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Olia Hercules’ Napoleon Cake


Serves 10 to 12

For the pastry layers:

  • 550grams (1 pound 2 ounces) all-purpose flour, plus extra for dusting
  • 1pinch salt
  • 250grams (8 ounces) unsalted butter, cubed and chilled in the freezer
  • 125milliliters (4 fluid ounces) cold water
  • 1tablespoon white wine vinegar

In a large bowl, whisk together the flour and the salt. Add the frozen butter and rub it into the dry ingredients as if you’re making pie dough, snapping and pressing with your fingers (or use a pastry cutter) until you have pea- and lima bean-sized butter clumps.

Mix together the water and the vinegar and add it to the flour. Use a spoon, then your hands, to mix and knead it into a firm dough. If the mixture is too dry and crumbly, add additional liquid, a tablespoon at a time, until it comes together. Wrap the dough in plastic wrap and refrigerate for at least 3 hours, but preferably overnight. (If you chill your pastry for more than 3 hours, you may need to let it sit at room temperature for about 30 minutes before you work with it.)

While the dough chills, make the pastry cream (see below).

Preheat the oven to 400° F. Flour your work surface and roll the pastry into a sausage-shaped log. Cut it into 12 pieces and roll each one out, one by one, as thinly as you can, into 8 1/2-inch (22-centimeter) discs.

As you work, place each sheet (you may be able to do 2 at a time, depending on the size of your oven and baking sheets), into the oven and bake for 4 to 5 minutes, or until pale golden and puffed up in places. Watch the pastry carefully, as it can burn quickly. [Editor’s’ Note: While these are the instructions in “Mamushka” and how we made the cake in the test kitchen, when I was working at home, I found that I had to bake the layers at 450° F for 7 to 8 minutes to achieve golden brown, crisp and puffy layers. You may have to sacrifice one or two layers for testing but that’s okay: You’ll still end up with an impressive tower!]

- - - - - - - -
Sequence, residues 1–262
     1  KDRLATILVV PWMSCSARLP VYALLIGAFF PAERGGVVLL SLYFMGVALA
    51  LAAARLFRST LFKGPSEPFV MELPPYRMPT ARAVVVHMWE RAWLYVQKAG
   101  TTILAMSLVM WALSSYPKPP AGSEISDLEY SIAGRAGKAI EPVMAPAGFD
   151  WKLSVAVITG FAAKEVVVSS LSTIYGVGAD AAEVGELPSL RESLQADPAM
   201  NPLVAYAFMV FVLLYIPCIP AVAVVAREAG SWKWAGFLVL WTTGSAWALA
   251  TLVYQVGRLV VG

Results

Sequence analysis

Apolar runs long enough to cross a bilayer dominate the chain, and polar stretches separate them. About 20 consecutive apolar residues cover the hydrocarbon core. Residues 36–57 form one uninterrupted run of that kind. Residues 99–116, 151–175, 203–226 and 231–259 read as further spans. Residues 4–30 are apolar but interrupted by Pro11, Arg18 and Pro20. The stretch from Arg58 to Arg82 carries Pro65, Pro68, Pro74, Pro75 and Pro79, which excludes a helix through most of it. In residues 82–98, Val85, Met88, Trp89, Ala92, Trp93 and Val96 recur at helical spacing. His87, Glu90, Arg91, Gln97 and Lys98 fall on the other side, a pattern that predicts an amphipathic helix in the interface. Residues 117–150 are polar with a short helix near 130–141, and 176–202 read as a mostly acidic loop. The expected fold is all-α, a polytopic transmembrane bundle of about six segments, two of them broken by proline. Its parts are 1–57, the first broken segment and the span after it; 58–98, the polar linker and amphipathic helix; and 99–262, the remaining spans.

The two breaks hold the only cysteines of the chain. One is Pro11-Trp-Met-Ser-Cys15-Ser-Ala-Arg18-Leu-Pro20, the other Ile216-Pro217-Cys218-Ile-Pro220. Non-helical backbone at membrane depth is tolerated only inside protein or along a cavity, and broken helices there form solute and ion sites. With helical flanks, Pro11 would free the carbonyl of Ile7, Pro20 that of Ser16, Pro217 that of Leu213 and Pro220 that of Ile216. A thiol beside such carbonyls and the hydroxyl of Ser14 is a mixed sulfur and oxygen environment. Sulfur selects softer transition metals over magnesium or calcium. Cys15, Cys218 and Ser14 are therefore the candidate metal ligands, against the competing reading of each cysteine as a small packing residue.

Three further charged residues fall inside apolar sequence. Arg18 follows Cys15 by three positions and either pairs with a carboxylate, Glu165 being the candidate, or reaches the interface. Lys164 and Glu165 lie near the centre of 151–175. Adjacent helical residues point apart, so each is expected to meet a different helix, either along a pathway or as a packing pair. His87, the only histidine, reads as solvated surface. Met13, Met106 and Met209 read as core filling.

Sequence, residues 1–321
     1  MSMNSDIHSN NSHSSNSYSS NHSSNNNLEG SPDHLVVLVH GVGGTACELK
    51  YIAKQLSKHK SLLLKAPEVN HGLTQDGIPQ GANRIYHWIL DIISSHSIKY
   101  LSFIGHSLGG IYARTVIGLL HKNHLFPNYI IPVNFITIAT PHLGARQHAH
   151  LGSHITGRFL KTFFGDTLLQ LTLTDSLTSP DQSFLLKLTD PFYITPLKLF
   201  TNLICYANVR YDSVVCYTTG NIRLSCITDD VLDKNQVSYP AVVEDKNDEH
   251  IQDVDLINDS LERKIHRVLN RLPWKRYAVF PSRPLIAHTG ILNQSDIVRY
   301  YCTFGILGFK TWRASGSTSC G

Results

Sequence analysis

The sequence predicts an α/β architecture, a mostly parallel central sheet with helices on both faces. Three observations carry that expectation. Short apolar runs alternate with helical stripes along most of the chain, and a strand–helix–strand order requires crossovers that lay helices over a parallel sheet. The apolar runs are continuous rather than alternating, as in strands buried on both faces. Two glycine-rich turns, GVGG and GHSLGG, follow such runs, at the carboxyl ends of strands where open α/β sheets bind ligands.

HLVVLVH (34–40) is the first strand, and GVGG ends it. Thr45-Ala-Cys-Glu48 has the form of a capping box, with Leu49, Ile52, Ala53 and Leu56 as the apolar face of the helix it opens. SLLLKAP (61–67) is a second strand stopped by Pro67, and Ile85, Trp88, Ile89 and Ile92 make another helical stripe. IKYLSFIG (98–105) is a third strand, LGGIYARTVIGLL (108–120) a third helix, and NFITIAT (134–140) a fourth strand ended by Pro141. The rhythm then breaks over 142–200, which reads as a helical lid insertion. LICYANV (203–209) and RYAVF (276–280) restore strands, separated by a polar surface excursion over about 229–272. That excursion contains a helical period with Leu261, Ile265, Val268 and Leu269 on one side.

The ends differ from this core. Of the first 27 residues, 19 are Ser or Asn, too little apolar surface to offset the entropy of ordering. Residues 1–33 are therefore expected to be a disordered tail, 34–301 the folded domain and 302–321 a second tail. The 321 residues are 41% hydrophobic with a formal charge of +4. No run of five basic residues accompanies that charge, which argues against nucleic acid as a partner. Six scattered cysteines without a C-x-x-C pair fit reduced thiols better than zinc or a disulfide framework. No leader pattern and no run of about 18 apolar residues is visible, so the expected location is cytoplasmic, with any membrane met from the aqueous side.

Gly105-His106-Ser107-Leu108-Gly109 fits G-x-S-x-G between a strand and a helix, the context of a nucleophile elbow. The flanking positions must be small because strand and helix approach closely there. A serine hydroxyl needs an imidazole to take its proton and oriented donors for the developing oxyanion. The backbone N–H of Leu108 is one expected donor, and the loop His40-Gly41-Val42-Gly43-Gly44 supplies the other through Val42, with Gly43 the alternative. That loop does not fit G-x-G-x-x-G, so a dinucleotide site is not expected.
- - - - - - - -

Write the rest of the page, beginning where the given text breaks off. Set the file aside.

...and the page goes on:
As you take the pastry rounds out of the oven, transfer them to a wire rack to cool. If you have a pastry sheet that is dramatically brown or pale, save it for crumbling over the top of the cake as decoration.

When all of the sheets are cool, it’s assembly time! Dollop pastry cream (about 3 or 4 tablespoons) on a disc and gently spread it to the edges (it doesn’t have to be neat). As you spread, pop any air bubbles in the pastry so that the cream can really penetrate every layer and fill the craters. Continue until you have worked with all of the layers (cover the top layer with pastry cream and crumble any sacrificial discs over top for decoration. Place the cake in the refrigerator for several hours so that the pastry can absorb the cream, or eat it straight away.

For the pastry cream: (or substitute with your favorite recipe!)

  • 1liter (1 3/4 pints) milk
  • 2vanilla beans, split lengthways, seeds scraped out and pods reserved
  • 200grams (7 ounces) superfine sugar
  • 75grams (3 ounces) all-purpose flour
  • 1pinch salt
  • 7egg yolks
  • 50grams (2 ounces) butter, cubed

To make the pastry cream, heat the milk, the vanilla seeds, and the reserved vanilla bean pods in a large saucepan over medium-low heat.

Meanwhile, whisk the sugar, flour, and salt together in a medium bowl. Whisk the egg yolks into the dry ingredients, making sure they are thoroughly combined even if the mixture is crumbly.

When the milk is near boiling point (you should see steam coming off the surface and small bubbles forming around the diameter but the liquid should not be boiling), quickly tip or ladle some of the hot liquid into the egg mixture, whisking vigorously to prevent the eggs from scrambling. Pour the egg mixture into the rest of the milk and cook over medium-low heat, stirring constantly and making sure to scrape the bottom and edges of the pan, until the cream thickens to a custard-like consistency, 10 to 15 minutes.

Add the butter, piece by piece, and stir until combined. If you do have clumps or scrambled egg pieces, don’t panic (it happened to me!): Simply pour the pastry cream to another bowl through a fine mesh sieve, using a spoon to assist it through. Discard any clumps and move on with your life/cake.

Let cool for 30 minutes, then cover with a piece of plastic wrap pressed against the surface (to keep and skin from forming) and let cool completely. (You can also chill it in the refrigerator, but leave it at room temperature for a few minutes before working with it so that it can loosen up a bit.)


By Sarah Jampel

Author Notes: A rustic, cake-version of the French mille-feuille that some say was eaten to celebrate the Russian defeat of Napoleon in 1812, it’s made of twelve lay (…more) —Sarah Jampel

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